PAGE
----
This has been seized on by Georgian President Mikheil Saakashvili, who said that it amounted to an admission that Russia was in "violation of all existing agreements" about South Ossetia and that it was "preparing a military operation against Georgia long before August 2008".

But the Russian media has been more interested in President Putin's answer to a question from a journalist about the Baluyevsky criticisms of Prime Minister Medvedev.

Mr Putin effectively sidestepped the question, saying he did not discuss his colleagues "in these sorts of terms", though he added that a decision to go to war was a "very difficult" one.

He went on to give an account of the run-up to war that appeared to differ from Mr Medvedev's. He said that the decision to "use the armed forces" had been considered for three days - from around 5 August. Mr Medvedev had implied that the question only arose on 7 August.

Mr Putin also said that he had twice rung Mr Medvedev and Defence Minister Anatoly Serdyukov on 7 and 8 August - which again appears to contradict Mr Medvedev's account.

'Rift among elites'

Mikhail Rostovsky, political columnist with the popular daily Moskovsky Komsomolets, thought that Mr Putin had offered no more than a "detached" defence of Mr Medvedev against Mr Baluyevsky's allegations.

Image source, AFP
Image caption,
Since August 2008 Russia has kept troops in South Ossetia to prevent Georgia retaking the region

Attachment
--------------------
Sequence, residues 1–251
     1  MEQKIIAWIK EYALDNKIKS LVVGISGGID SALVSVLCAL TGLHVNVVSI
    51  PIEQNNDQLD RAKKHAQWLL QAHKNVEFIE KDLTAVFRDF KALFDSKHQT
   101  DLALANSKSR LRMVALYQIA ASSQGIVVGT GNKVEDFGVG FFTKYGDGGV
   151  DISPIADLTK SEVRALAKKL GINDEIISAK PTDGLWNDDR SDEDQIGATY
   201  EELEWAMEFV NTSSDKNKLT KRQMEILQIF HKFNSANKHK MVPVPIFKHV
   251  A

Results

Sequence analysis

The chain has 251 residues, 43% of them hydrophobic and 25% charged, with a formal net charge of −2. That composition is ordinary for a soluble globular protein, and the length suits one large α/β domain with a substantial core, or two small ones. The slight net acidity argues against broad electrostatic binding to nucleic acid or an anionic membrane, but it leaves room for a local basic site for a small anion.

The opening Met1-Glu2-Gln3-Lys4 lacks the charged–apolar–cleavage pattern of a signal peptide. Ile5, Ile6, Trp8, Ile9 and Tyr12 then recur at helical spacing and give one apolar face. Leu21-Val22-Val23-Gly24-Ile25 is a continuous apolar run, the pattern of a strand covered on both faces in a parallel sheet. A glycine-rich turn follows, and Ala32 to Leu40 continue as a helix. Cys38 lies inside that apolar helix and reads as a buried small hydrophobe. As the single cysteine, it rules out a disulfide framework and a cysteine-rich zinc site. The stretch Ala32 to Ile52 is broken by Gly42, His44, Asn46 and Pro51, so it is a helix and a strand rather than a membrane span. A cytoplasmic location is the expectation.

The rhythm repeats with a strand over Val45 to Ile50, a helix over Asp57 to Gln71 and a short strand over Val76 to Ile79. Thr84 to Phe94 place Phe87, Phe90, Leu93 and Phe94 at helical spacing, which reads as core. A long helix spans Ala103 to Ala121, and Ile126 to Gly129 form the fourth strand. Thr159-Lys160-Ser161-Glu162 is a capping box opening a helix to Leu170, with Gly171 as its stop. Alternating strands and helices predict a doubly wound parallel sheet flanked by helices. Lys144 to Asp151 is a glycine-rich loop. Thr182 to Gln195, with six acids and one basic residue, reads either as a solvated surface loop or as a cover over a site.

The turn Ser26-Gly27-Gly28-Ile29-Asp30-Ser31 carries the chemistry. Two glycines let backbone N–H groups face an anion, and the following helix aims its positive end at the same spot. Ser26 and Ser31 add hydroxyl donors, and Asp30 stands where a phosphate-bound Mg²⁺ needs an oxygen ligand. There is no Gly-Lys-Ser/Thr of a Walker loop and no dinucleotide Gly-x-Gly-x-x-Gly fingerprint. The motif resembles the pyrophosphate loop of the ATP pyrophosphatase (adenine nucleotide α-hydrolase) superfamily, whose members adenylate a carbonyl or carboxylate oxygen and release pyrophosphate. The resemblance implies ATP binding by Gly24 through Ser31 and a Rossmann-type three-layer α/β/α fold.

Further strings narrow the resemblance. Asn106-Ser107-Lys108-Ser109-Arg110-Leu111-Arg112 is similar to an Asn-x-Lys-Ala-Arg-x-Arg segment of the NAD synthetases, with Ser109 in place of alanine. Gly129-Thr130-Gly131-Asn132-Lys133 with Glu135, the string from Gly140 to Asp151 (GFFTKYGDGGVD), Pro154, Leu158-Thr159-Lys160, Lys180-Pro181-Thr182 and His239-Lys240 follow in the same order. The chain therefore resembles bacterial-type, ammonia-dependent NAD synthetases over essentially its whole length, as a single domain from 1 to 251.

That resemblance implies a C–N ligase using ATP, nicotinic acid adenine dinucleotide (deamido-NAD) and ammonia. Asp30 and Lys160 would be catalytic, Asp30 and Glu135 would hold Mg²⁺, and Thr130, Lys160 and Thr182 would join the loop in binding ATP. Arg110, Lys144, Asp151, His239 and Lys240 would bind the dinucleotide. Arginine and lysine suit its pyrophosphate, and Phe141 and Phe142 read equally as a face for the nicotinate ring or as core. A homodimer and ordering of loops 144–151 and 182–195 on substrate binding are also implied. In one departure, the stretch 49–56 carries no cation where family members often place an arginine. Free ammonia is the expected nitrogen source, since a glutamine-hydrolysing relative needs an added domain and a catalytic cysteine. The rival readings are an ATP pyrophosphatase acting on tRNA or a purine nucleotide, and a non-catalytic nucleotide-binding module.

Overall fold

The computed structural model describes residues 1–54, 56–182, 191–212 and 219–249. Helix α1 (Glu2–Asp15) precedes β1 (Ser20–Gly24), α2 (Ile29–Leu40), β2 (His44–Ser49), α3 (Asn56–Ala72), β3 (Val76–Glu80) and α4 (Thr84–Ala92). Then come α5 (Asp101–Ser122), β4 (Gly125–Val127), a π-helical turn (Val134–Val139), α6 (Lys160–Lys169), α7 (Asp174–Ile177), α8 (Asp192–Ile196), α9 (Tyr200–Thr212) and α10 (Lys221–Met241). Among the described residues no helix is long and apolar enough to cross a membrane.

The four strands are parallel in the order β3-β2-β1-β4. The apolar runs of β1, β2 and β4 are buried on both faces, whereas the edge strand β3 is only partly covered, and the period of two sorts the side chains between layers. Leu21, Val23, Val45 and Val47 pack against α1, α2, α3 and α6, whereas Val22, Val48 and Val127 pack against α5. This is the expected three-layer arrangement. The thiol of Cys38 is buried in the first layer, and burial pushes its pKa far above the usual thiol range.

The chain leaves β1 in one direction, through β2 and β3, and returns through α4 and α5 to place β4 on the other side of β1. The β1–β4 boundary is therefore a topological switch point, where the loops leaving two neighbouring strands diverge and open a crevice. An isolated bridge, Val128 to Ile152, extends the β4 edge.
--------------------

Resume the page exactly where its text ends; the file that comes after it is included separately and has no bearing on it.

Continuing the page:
Rostovsky also thinks that the film's appearance is evidence of a "war" being waged within the Putin-Medvedev double act, as Mr Medvedev "actively struggles for the role of real co-ruler of the country".

He said that when officials close to Mr Putin or Mr Medvedev now speak about "the other side, they do not have in mind Saakashvili, for example, but actually the president or prime minister of the Russian Federation".

According to Rostovsky, the current tension dates back to last September, when the two Russian leaders agreed to swap roles.

Sociologist Olga Kryshtanovskaya took a similar view. She said that Mr Medvedev had earlier been under "Putin's protection", but now this "protection has been withdrawn". "Earlier, a rift among the elites was a hypothesis. Now it has become a fact," she told business daily Vedomosti.

Kryshtanovskaya is a recognised authority on Russia's elites and was until recently a member of the pro-Kremlin party, United Russia.

Who was behind it?

The main intrigue surrounding The Day that was Lost concerns its authorship. The titles at the end say it was made by a previously unknown production company called Alfa, said to be based in Tver, a city just north of Moscow.

But the Russian edition of Forbes business magazine, quoting a source in the South Ossetia administration, describes the film-makers as people from the Moscow government-owned Centre TV or Channel Five, which is owned by National Media Group. The latter is controlled by Yuri Kovalchuk, a businessman said to be a close associate of Mr Putin.

Forbes also quoted a source "close to the Russian presidential administration" as saying the film had been shot by Channel Five, possibly with the "knowledge of the Kremlin".

Channel Five, though, has strenuously denied that its journalists were involved in the film.

Mr Putin's spokesman, Dmitry Peskov, has said he does not know who made the film or for what purpose.

BBC Monitoring selects and translates news from radio, television, press, news agencies and the internet from 150 countries in more than 70 languages. It is based in Caversham, UK, and has several bureaux abroad. For more reports from BBC Monitoring, click here